Eighteen years of follow-up shows that men are twice as likely to die from heart disease as women. However, this gender gap is markedly reduced when only patients with diabetes are considered. Eighteen years of follow-up show that men have twice the risk of ischemic heart disease (IHD) mortality as women. However, diabetes is a stronger risk factor for IHD mortality for women than men, so the gender gap in IHD mortality narrows in the presence of diabetes, investigators report.
Dr. Ane Cecilie Dale, of the Norwegian University of Science and Technology in Trondheim, and colleagues report data from HUNT 1, a large population-based observational study in which all residents of Trendelag County, Norway, who were older than 20 years of age at baseline were invited to participate.
The study involved 74,914 individuals, 2,100 of whom had prevalent diabetes. Over an 18-year period, 19,967 subjects died.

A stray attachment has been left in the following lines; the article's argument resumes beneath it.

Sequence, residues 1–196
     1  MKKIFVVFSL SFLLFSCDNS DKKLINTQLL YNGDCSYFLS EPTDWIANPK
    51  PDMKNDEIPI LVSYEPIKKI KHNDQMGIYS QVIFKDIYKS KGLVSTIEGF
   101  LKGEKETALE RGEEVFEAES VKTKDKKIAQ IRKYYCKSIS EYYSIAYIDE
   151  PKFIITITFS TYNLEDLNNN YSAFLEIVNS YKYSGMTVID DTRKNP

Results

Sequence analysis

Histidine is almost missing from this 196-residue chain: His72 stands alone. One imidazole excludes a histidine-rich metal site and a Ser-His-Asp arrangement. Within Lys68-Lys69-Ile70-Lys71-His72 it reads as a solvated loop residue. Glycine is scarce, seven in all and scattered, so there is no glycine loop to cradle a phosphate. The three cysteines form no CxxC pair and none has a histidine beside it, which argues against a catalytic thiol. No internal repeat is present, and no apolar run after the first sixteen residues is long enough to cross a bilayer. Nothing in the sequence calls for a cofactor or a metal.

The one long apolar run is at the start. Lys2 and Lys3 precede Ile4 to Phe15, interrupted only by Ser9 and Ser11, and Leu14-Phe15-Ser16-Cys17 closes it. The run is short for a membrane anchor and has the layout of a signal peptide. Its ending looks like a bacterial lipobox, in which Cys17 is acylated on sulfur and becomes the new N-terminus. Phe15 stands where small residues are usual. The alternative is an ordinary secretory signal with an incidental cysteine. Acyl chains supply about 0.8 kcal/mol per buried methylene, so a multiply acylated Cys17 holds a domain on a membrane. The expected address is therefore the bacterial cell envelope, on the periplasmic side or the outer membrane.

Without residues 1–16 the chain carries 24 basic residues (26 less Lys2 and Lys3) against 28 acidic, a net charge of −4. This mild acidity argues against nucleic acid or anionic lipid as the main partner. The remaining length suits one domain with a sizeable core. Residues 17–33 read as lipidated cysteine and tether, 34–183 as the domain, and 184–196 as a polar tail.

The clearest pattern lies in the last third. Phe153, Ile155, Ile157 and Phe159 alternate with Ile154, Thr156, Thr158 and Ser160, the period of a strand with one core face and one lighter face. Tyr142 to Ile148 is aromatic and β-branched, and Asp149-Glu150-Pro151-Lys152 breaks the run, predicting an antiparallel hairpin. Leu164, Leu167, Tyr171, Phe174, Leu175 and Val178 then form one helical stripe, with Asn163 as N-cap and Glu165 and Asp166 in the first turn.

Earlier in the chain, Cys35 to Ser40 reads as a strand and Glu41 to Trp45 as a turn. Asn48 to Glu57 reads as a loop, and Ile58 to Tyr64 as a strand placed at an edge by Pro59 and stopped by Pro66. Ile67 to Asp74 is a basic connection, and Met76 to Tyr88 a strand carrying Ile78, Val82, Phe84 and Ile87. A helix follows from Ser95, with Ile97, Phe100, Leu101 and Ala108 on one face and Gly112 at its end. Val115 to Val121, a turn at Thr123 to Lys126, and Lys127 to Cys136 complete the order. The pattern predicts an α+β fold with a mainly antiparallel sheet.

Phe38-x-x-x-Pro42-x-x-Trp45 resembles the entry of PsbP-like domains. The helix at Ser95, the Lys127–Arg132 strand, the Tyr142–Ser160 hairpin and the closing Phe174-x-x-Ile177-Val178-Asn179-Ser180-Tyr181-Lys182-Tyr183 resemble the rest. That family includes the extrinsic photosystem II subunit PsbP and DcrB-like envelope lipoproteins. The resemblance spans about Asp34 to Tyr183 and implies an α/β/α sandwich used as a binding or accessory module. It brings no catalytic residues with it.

The hazard ratio (HR) for fatal IHD was 2.20 for men compared with women, when subjects did not have diabetes or cardiovascular disease (CVD) at baseline.
The HR was 1.25 for men compared with women when diabetes was present in both sexes.
When both diabetes and IHD were present, the risk of fatal IHD was statistically the same for men and women (HR = 1.1).
"We found that the positive association between diabetes and IHD mortality was consistently stronger in women than in men, resulting in a substantial reduction in the mortality gap between genders that is usually observed," the investigators write.
Diabetes could cause more rapid atherogenesis in women, greater tendencies to lipid abnormalities and more frequent endothelial dysfunction than in men, the researchers hypothesize.
"Our results argue for more aggressive IHD risk factor intervention in women with diabetes," Dr. Dale’s team concludes.
Eur Heart J Dec, 2007;28:2924-2929.